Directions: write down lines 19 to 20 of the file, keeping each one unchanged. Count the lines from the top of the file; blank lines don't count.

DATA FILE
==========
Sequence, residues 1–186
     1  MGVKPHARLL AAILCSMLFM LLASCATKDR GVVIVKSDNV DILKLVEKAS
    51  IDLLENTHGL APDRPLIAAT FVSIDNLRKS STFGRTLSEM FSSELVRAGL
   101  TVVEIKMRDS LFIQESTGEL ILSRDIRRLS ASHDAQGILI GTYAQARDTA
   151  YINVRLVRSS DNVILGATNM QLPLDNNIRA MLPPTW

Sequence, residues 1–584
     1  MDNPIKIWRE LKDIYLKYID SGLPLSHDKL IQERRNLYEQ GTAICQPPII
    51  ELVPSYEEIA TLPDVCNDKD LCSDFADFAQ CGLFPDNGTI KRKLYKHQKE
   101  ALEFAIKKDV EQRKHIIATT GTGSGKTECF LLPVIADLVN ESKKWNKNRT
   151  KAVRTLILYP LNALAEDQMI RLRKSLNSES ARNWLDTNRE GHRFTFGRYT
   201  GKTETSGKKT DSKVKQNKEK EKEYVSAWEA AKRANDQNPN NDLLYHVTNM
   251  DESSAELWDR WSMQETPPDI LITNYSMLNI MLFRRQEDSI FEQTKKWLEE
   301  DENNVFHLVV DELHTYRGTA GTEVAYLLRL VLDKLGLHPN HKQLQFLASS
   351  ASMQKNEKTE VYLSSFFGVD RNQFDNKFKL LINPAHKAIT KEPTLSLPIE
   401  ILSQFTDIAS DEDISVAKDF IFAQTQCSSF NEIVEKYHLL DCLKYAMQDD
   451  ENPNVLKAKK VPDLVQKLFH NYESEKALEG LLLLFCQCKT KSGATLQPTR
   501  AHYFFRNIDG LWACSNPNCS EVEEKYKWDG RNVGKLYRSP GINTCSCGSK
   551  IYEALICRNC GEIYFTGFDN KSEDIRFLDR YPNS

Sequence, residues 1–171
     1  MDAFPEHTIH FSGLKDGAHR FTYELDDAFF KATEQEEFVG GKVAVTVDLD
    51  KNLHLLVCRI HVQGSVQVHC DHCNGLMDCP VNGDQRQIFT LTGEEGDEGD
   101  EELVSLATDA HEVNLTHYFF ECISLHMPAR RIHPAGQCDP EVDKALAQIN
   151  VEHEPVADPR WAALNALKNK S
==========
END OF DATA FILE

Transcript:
Sequence, residues 1–171
     1  MDAFPEHTIH FSGLKDGAHR FTYELDDAFF KATEQEEFVG GKVAVTVDLD